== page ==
We haven’t forgotten the Marines. Here is Corporal Natasha Williams helping build a structure at Landing Zone Plover at Camp Lejeune, North Carolina on August 11, 2017. The structure will be used by students at the Marine Corps Engineer School to practice breaching procedures (like blowing open a door, when kicking it down doesn’t work). Williams is a combat engineer assigned to the 8th Engineer Support Battalion.

LABOR DAY 2017 Coast Guard (2)

(U.S. Coast Guard photo by Petty Officer 3rd Class Jordan Akiyama)

We didn’t forget the Coast Guard, either, although they do so many daring things on, above and off the water, it was hard to find a photo of someone doing something “routine.”   Here we see Petty Officer 3rd Class Zachary Hensley, a machinery technician stationed at Galveston, Texas with a Coast Guard Aids to Navigation Team. He was repairing a range light channel marker when this photo was taken on Sunday (September 3, 2017). The marker was damaged during Hurricane Harvey on Bolivar Peninsula, Texas. Take a look at the background to get an idea of how high up he and his teammates have climbed.

Well that’s our story. Hope you had a good Labor Day holiday and if you’re traveling near the Gulf of Mexico, the Caribbean, or the southeast Atlantic Coast this weekend — be smart, stay safe.

*** *** ***

SHAKOSHAKO is an occasional 4GWAR posting on military history, traditions and culture. For the uninitiated, a shako is the tall, billed headgear worn by many armies from the Napoleonic era to about the time of the American Civil War. It remains a part of the dress or parade uniform of several military organizations like the corps of cadets at the U.S. Military Academy, West Point, New York.

West Point cadets

(U.S. Army photo via Wikipedia)

September 7, 2017 at 11:29 pm Leave a comment

FRIDAY FOTO (July 14, 2017)

Lafayette, We Are Here, Encore.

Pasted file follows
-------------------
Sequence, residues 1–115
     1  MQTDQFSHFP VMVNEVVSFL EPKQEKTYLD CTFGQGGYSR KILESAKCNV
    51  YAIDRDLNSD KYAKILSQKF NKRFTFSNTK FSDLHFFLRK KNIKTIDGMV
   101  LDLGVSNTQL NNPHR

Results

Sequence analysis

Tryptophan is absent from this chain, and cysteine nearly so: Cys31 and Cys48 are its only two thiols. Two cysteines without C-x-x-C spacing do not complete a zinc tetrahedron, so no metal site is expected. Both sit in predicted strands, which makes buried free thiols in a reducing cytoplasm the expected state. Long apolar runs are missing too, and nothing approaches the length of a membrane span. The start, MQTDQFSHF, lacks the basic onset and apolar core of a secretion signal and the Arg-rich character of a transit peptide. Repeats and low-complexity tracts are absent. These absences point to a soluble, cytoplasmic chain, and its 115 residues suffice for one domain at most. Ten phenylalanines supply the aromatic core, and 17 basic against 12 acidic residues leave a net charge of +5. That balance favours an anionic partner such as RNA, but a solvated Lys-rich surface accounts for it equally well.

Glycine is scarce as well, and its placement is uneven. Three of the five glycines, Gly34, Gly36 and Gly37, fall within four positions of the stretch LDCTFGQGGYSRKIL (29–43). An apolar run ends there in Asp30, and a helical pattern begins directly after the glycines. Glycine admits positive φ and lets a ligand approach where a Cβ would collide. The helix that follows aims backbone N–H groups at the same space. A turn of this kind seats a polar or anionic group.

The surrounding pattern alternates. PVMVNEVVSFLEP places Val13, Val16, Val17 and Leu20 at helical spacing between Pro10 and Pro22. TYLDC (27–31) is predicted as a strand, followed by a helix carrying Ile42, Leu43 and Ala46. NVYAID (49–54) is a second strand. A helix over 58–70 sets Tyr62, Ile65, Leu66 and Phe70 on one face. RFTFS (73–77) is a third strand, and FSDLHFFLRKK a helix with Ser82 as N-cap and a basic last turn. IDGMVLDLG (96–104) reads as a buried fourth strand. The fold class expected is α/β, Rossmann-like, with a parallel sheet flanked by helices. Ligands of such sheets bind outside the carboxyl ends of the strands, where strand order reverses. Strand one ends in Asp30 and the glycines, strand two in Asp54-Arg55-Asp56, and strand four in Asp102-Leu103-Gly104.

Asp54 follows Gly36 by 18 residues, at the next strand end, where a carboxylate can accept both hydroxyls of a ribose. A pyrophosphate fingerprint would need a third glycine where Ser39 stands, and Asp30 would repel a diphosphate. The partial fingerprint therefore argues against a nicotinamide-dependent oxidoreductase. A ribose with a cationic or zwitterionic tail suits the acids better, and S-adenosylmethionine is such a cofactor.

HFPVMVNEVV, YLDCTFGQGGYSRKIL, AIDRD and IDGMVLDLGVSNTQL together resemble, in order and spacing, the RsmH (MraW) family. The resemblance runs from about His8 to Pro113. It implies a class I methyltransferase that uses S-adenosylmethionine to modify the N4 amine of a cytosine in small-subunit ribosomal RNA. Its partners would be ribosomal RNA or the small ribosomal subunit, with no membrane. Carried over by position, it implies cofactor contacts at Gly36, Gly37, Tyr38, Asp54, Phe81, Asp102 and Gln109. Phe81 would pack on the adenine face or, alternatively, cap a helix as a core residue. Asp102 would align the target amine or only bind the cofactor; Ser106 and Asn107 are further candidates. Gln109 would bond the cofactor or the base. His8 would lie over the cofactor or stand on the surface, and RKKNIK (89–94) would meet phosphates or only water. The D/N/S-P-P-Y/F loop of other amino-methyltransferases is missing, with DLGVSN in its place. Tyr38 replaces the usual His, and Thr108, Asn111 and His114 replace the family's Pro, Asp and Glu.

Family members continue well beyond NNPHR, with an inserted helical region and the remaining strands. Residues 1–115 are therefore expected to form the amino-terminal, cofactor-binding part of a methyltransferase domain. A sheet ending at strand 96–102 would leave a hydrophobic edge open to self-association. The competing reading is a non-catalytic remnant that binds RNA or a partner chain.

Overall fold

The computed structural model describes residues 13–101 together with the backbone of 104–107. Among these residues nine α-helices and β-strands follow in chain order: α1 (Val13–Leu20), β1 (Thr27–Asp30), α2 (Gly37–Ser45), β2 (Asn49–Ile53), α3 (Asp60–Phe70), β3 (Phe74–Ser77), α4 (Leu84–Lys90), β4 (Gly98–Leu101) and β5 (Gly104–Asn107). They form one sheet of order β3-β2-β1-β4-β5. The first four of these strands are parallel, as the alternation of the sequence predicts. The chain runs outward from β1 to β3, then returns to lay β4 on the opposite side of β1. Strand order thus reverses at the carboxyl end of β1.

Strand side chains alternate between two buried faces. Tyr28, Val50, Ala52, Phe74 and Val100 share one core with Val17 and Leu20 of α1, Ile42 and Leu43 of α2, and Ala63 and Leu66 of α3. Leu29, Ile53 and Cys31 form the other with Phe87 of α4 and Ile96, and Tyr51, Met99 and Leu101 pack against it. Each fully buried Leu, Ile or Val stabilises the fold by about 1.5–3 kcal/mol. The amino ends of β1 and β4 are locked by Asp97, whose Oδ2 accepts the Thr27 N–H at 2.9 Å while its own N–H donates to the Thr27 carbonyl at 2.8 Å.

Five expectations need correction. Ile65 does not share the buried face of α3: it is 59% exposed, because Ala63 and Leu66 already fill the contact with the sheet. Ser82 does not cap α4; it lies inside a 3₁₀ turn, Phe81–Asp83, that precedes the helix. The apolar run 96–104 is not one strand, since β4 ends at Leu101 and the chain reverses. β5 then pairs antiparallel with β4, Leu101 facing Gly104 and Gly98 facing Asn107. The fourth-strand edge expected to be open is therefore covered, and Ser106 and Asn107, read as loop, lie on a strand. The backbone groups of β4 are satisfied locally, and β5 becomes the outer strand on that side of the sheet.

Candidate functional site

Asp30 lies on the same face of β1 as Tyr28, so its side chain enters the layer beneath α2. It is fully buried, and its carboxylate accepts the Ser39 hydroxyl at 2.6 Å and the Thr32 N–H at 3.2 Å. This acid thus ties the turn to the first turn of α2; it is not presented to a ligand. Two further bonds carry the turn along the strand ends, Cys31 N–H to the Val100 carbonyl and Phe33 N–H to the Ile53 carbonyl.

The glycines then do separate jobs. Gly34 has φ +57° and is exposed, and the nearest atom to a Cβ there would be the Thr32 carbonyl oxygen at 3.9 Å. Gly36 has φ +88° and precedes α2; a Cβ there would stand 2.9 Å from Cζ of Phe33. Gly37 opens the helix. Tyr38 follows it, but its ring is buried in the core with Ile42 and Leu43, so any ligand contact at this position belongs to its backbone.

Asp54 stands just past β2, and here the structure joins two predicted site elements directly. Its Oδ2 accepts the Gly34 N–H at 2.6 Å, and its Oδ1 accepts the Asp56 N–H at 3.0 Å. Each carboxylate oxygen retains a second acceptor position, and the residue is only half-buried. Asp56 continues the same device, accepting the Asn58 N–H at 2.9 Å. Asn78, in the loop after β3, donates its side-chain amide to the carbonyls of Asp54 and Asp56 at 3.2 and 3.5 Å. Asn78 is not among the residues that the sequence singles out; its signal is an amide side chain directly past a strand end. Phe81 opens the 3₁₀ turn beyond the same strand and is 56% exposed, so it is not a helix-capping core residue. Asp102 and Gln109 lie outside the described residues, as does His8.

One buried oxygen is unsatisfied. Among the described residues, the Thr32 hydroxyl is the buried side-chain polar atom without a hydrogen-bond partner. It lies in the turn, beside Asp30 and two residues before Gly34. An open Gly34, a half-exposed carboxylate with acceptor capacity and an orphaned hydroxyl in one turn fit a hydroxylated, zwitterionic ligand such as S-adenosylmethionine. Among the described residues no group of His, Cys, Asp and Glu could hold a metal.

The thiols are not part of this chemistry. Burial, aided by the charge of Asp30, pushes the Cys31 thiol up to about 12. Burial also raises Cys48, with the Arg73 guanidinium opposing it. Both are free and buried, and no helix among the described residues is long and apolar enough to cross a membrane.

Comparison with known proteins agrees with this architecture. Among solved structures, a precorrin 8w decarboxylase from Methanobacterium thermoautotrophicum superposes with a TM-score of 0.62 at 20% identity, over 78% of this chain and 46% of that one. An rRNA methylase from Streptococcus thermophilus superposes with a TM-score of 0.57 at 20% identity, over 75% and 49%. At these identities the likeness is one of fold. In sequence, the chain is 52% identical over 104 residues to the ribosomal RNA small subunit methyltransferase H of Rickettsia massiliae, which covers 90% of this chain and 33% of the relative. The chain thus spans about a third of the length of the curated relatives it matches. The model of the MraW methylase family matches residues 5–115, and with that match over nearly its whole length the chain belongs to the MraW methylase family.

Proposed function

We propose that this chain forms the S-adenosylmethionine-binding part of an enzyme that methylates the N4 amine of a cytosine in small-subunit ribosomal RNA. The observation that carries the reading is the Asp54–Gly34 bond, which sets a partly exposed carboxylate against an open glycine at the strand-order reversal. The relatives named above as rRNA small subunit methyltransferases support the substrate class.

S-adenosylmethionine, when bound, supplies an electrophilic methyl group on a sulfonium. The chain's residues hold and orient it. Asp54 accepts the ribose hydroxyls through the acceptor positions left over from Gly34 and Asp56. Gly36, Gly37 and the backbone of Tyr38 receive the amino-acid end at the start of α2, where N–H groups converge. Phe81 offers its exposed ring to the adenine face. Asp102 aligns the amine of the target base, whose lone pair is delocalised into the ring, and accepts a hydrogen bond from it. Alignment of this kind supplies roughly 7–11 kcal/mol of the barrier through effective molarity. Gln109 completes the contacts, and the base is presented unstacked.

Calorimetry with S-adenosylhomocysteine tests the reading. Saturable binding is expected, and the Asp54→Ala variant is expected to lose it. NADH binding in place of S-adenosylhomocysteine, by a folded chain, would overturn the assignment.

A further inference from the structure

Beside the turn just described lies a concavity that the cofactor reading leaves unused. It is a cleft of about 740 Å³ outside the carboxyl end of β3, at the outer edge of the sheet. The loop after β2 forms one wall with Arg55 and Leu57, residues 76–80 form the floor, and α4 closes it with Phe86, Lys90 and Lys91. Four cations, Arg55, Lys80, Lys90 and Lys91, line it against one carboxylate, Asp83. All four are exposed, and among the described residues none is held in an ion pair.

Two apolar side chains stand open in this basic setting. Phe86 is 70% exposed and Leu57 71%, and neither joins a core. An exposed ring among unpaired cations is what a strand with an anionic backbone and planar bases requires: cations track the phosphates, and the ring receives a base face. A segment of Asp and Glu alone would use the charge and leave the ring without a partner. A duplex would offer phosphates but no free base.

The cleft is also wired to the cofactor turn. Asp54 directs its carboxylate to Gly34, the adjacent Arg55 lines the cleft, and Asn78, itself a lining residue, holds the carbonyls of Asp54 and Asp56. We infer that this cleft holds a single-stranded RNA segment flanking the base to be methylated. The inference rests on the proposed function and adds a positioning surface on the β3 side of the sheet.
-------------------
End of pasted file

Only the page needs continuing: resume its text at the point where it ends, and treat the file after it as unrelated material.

U.S. Forces Honored During Bastille National Day Parade

(U.S. Navy photo by Chief Petty Officer Michael McNabb)

U.S. service members march in the Bastille Day parade in Paris as blue, white and red smoke trails billow overhead from a flyover conducted by French Alpha jets. U.S. troops led the parade in a historic first to commemorate the centennial of America’s entry into World War I, as well as its long-standing partnership with France.

ww1soldiersdock Bastille Day 2017

U.S. soldiers on the dock in France. (Courtesy TeeJaw Blog)

In all, 4.7 million Americas served in uniform in the Great War, more than 116,000 died.

U.S. Forces Honored During Bastille National Day Parade

(U.S. Navy photo by Chief Petty Officer Michael McNabb)

Here’s a closer look at the U.S. contingent marching in the 2017 Bastille Day parade. The color guard are dressed in World War I helmets and uniforms. Behind them, in order march the U.S. Army contingent, U.S. Marine Corps, U.S. Navy and U.S. Air Force. Interesting to note the U.S. Army now wears berets instead of the Smoky the Bear campaign hats in the archive photo above.

July 14 marks the storming of the Bastille, a notorious prison in Paris, sparking the French Revolution in 1789. Every year on that date, there is an enormous military parade in Paris with Foreign Legionnaires in their white kepis and red and green epaulettes, sabre-brandishing cavalry of the Republican Guard in plumed helmets, sailors in white caps topped by red pompoms, pilots in flight suits and all manner of military cadets, national police and specialty troops.

July 14, 2017 at 5:08 pm Leave a comment

SHAKO: Flag Day; U.S. Army Birthday

Happy 242nd!

Washington takes command

On this day (June 14) in 1775, the Continental Congress, urged by future U.S. President John Adams, created the U.S. Army by voting $2 million to fund the colonial militias around Boston and New York City. Congress also ordered the raising of ten companies of expert riflemen from Virginia, Maryland and Pennsylvania. Together with the ragtag militias in New England and New York they would form the first Continental Army. George Washington of Virginia, one of the few colonials with military command experience (from the French and Indian War) would take command in Cambridge, Massachusetts on July 3, 1775.

Army installations around the world are celebrating the Big 242. The festivities ranged from a band concert in Georgia to a fun run in Hawaii. Many Army bases featured a birthday cake-cutting ceremony, in which the longest serving soldier on post shares cake cutting duty with the newest soldier, according to the Army website.

To read more about the infancy of the U.S. Army, click here.

Flag Day turns 101.

nation-makers

“The Nation Makers” by Howard Pyle (1908) depicts the Battle of Brandywine in 1777, one of the first appearances of the Stars and Stripes flag.